“New needs need new techniques. And the modern artists have found new ways and new means of making their statements...” Jackson Pollock
Historically, when attempting to authenticate a particular work of art, or when attributing a painting to a particular artist, the task has fallen to the curator and the art historian. The curator’s role is to examine the provenance of a particular piece by determining the succession of ownership back to the original artist, while the art historian typically would perform a stylistic analysis to determine if the piece reflects the artist’s particular technique and application as well as their style and brushwork. Unfortunately, in many cases the provenance of an artwork is simply not known, or can’t be reliably validated, and a skilled and clever forger can often imitate an artist’s particular style and technique, making the entire evaluation somewhat subjective.
Nowadays, when attempting to attribute a piece of art to a particular artist you are more likely to encounter scientists working behind the scenes at a gallery or museum. New techniques and advances in a number of analytical instruments allows the body of a painting to be examined in spectacular detail to determine the precise composition of organic and inorganic pigments and binders. Specifically, X-ray fluorescence spectroscopy (XRF), infrared spectroscopy (IR), and Raman spectroscopy offer simple, non-destructive, in situ analysis of paints, pigments, and resins. Spectroscopic analysis of a questioned artwork can provide critical information regarding the materials and chemical composition of pigments used—either supporting its authenticity or revealing materials inconsistent with the item being genuine.
Case Study: Two Recently Discovered Pollock Paintings
Roughly 2 ½ hours from Bucks County, and 3 ½ hours outside of New York City lies Mill Hall Pennsylvania, the location of the Lock Haven Motel—the original home of two purported Jackson Pollock paintings, known as Mill Hall #1 and Mill Hall #2. According to local lore, Pollock gifted the two paintings as payment for a hotel/ bar visit while traveling through the town. Given Pollock’s lifelong struggle with alcoholism, this may be a plausible scenario and consistent with other Pollock paintings made by the artist for barter. Regardless, it is known that Jackson Pollock was included in an exhibit in Lock Haven, PA in 1951 where his sculpture was being exhibited as part of the Museum of Art tour, which supports his connection to the community.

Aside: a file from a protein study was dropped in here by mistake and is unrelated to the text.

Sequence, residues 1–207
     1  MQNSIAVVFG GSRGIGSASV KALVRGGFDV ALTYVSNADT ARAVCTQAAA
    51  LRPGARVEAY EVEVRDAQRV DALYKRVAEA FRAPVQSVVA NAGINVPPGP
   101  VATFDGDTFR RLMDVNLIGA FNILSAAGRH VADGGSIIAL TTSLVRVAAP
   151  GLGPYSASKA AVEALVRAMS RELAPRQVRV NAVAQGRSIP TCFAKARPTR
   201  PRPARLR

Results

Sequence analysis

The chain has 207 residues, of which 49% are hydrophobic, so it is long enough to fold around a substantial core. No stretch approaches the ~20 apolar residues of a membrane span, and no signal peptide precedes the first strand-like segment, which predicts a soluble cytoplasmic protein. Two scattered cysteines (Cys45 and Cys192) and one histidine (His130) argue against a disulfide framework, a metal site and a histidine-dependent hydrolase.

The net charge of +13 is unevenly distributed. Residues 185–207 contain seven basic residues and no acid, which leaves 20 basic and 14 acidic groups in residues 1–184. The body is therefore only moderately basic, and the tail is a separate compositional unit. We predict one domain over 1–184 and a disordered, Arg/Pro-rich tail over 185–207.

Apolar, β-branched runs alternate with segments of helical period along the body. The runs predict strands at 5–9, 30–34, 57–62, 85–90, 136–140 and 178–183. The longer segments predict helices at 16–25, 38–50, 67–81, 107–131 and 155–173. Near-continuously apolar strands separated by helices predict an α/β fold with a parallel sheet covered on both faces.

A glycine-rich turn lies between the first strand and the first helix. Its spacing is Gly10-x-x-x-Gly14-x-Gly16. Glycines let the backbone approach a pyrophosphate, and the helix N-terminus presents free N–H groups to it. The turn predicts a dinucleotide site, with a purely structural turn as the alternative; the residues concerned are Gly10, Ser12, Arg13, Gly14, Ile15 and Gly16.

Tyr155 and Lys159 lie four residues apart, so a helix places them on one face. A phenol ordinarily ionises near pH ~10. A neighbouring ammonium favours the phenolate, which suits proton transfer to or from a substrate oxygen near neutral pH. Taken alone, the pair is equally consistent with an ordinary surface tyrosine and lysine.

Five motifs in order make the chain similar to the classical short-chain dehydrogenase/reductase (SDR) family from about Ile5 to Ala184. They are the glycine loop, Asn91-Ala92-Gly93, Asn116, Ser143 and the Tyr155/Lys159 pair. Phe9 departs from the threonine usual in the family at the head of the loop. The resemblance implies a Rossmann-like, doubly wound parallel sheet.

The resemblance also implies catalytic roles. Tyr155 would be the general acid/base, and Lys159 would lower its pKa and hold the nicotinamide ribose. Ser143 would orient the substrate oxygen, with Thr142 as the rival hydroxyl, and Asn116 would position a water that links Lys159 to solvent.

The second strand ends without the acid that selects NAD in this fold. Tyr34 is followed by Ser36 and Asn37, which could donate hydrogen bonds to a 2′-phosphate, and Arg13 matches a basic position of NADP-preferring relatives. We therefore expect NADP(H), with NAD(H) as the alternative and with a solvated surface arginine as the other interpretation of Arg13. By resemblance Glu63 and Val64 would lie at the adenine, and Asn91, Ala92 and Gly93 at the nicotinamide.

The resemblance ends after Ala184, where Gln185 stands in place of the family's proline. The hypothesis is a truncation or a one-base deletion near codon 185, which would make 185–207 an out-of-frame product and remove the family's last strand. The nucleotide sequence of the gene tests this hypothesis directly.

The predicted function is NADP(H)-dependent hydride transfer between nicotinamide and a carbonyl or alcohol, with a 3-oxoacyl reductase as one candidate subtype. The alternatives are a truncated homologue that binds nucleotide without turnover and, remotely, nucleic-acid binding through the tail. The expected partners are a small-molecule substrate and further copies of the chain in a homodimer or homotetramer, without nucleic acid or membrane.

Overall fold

In 1992, Mill Hall #1 was examined by the Philadelphia Museum of Art. However, with incomplete provenance, no analytical testing or side-by-side comparison was completed. In 2003 both pieces were rejected by the International Foundation for Art Research (IFAR) for incomplete provenance and artistic interpretation.
However, recent analysis of Mill Hall #1 and #2 performed by Tom Tague, PhD of Bruker Corporation (Billerica, MA) provides compelling evidence that these paintings are in fact genuine Pollock originals.
Analysis of Mill Hall #1
Mill Hall #1 (Figure 1), is typical of Pollock’s abstract expressionist “drip painting” style with a limited color palette characteristic of many of his other works. The work itself is on masonite and has been cut down slightly for framing. In an attempt to authentic the two paintings, they were analyzed by Tague using Bruker Technologies XRF, IR, and Raman spectroscopy instruments.